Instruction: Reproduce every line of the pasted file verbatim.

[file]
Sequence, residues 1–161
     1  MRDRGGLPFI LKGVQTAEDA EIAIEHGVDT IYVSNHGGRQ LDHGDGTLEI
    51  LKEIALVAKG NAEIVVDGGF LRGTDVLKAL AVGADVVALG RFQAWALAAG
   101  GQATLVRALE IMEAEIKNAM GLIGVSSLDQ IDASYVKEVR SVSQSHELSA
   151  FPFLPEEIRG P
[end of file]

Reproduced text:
Sequence, residues 1–161
     1  MRDRGGLPFI LKGVQTAEDA EIAIEHGVDT IYVSNHGGRQ LDHGDGTLEI
    51  LKEIALVAKG NAEIVVDGGF LRGTDVLKAL AVGADVVALG RFQAWALAAG
   101  GQATLVRALE IMEAEIKNAM GLIGVSSLDQ IDASYVKEVR SVSQSHELSA
   151  FPFLPEEIRG P